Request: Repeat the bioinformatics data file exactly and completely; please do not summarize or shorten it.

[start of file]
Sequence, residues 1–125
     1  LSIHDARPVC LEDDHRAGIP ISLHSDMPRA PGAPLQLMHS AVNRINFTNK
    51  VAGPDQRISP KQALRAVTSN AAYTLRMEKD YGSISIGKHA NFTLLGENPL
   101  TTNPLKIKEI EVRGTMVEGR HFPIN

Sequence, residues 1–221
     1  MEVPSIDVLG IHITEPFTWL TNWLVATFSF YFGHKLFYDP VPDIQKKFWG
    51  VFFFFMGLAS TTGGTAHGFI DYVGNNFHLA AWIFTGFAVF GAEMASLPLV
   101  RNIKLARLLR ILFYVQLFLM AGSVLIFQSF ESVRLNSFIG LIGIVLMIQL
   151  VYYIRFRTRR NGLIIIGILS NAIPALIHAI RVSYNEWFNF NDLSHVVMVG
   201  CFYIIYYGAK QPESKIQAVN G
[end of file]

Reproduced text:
Sequence, residues 1–125
     1  LSIHDARPVC LEDDHRAGIP ISLHSDMPRA PGAPLQLMHS AVNRINFTNK
    51  VAGPDQRISP KQALRAVTSN AAYTLRMEKD YGSISIGKHA NFTLLGENPL
   101  TTNPLKIKEI EVRGTMVEGR HFPIN

Sequence, residues 1–221
     1  MEVPSIDVLG IHITEPFTWL TNWLVATFSF YFGHKLFYDP VPDIQKKFWG
    51  VFFFFMGLAS TTGGTAHGFI DYVGNNFHLA AWIFTGFAVF GAEMASLPLV
   101  RNIKLARLLR ILFYVQLFLM AGSVLIFQSF ESVRLNSFIG LIGIVLMIQL
   151  VYYIRFRTRR NGLIIIGILS NAIPALIHAI RVSYNEWFNF NDLSHVVMVG
   201  CFYIIYYGAK QPESKIQAVN G